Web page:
Alfresco touring company Miracle Theatre has abandoned the high speed entrances and exits on bicycles from last year`s production of Flann O`Brien`s Irish satire The Third Policeman. The company remains as determined as ever, however, to challenge convention with Anton Chekhov`s rather more familiar The Cherry Orchard.
Director Bill Scott, founder of the Cornwall-based theatrical ground-breakers, goes in search of Chekhov`s own description of his final play as a comedy by removing much of its `Russian-ness` and changing most of the names.
He sees Miracle Theatre`s remit as exploring just how weird and self-centred the characters are. This works well at the start and in the knockabout scenes in the second half. But as the production rows back to the Chekhov theme of a privileged world in denial over the passing of the old order – with unrequited love thrown in for good measure – the laughs become rather more forced.
Jill Greenacre brings pathos as well as financial recklessness to impoverished landowner Luella (the production’s name for Lyubov Ranyevskaya), while the other five actors double and treble with varying success.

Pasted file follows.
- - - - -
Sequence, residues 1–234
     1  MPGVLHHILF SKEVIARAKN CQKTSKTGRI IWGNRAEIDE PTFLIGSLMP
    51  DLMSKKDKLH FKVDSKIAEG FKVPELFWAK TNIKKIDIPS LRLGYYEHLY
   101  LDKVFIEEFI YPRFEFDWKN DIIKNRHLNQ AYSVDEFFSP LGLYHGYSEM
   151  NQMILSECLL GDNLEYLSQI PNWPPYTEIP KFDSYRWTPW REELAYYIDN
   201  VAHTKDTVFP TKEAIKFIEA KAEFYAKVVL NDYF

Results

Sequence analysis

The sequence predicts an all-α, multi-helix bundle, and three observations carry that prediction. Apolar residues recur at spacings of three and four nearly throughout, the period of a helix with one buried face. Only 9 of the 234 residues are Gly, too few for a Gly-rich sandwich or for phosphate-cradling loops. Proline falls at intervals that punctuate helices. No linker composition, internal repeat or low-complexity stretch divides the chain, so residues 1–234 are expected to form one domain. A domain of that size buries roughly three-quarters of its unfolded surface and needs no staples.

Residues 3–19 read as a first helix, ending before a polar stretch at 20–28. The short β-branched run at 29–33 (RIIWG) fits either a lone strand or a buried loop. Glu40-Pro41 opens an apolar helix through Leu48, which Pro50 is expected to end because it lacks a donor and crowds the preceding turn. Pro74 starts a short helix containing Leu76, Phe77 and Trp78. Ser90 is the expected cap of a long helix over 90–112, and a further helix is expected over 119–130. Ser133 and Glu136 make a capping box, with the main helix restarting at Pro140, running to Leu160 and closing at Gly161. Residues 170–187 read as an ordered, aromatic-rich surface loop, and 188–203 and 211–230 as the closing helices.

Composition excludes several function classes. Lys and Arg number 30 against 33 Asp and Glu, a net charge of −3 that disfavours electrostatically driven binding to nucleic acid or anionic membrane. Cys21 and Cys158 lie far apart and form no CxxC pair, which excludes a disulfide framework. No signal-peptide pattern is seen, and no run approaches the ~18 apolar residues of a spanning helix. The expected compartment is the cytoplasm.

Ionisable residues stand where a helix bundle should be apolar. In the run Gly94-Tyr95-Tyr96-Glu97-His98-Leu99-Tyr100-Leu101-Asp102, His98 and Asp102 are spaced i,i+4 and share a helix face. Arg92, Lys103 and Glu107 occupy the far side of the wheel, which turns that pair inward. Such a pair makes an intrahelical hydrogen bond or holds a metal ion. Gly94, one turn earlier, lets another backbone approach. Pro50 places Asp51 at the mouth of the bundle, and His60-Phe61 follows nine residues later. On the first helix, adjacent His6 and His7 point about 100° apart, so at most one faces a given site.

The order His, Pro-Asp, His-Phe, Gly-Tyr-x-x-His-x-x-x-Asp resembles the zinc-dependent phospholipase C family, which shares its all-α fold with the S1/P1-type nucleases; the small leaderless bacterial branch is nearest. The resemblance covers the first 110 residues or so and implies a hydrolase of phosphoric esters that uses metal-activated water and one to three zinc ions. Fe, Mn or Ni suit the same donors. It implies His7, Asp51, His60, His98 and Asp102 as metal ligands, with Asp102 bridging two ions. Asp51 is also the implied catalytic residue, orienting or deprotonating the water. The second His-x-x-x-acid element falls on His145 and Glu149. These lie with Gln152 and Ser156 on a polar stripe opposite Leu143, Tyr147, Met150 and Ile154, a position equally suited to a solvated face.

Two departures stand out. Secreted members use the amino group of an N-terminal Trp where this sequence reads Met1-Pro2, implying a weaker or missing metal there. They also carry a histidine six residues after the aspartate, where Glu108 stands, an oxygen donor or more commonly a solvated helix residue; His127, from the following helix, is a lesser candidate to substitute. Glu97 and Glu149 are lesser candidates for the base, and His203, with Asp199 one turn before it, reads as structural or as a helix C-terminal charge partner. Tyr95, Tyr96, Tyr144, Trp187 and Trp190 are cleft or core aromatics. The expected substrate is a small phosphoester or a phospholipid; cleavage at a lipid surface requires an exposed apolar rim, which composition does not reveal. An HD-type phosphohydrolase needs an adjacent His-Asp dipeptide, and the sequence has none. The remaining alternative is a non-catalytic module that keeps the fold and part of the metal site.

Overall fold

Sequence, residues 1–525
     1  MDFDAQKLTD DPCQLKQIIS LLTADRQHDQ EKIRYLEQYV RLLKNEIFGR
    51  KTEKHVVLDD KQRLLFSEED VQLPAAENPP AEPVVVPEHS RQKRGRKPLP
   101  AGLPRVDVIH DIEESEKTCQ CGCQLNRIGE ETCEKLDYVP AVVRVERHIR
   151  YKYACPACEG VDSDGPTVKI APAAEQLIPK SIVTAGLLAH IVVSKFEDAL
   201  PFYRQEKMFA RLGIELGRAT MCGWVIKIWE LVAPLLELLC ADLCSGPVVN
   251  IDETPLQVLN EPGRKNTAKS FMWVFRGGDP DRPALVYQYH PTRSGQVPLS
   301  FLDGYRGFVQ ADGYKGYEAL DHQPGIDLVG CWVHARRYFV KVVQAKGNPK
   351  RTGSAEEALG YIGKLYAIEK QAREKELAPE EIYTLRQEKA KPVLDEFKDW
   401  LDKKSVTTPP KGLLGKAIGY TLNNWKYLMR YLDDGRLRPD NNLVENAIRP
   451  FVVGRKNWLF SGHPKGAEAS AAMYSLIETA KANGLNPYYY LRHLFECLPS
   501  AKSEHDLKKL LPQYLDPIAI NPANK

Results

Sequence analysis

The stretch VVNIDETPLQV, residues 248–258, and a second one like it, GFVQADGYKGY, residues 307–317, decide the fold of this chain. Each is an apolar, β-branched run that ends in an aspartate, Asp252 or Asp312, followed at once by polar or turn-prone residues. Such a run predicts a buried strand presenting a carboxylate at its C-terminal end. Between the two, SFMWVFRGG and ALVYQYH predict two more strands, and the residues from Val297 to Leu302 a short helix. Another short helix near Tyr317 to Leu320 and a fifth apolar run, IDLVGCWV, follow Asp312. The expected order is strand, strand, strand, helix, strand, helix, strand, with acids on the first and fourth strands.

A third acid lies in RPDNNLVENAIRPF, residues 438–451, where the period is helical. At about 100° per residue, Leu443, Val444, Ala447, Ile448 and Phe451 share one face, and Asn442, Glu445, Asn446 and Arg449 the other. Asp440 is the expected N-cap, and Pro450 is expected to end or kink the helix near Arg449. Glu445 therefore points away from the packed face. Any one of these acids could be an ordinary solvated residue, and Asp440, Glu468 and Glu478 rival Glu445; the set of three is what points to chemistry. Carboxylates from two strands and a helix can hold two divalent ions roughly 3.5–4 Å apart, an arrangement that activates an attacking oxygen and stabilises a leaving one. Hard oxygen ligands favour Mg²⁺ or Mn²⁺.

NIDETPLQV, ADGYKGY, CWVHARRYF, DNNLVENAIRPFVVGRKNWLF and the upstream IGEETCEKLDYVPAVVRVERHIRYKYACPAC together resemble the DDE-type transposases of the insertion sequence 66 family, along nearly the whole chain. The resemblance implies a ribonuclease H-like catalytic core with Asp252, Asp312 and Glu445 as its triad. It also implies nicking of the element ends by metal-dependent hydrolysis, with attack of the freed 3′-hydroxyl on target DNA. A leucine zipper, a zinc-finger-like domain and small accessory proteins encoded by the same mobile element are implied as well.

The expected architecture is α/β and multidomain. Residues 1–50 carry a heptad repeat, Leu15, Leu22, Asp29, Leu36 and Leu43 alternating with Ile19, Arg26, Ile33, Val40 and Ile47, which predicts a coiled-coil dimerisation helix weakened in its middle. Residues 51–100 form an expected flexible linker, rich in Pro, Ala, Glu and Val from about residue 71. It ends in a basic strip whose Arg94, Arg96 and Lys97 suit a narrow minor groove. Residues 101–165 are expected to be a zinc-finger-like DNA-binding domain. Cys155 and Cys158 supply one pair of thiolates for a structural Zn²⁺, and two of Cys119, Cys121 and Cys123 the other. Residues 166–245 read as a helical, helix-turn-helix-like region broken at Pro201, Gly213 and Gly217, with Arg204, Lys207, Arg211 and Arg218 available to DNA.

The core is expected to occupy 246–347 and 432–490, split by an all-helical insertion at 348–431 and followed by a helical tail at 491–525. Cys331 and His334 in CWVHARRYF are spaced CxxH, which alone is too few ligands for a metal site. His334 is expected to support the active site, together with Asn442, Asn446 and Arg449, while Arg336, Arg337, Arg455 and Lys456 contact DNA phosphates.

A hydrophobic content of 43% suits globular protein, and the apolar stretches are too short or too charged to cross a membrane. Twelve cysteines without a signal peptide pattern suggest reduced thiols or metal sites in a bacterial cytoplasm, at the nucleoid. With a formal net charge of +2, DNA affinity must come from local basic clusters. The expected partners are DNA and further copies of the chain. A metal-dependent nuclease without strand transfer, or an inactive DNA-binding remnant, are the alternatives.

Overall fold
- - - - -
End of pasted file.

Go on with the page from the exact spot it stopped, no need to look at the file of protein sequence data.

Ben Kernow`s teaming of the risibly doddering butler Firs with the self-made entrepreneur Parkin (Pyotr Trofimov in the original) is the most impressive, alongside Rose McPhilemy as love-lorn Valerie (Vavara Mikhailovna) and gun-toting governess Charlotte (Charlotta Ivanovna).
Despite the production`s ambitions to be an open-air summer laugh-fest, it is rather more successful in mapping out the tensions between the desperate longing to cling to what is familiar with the restless lure of the new.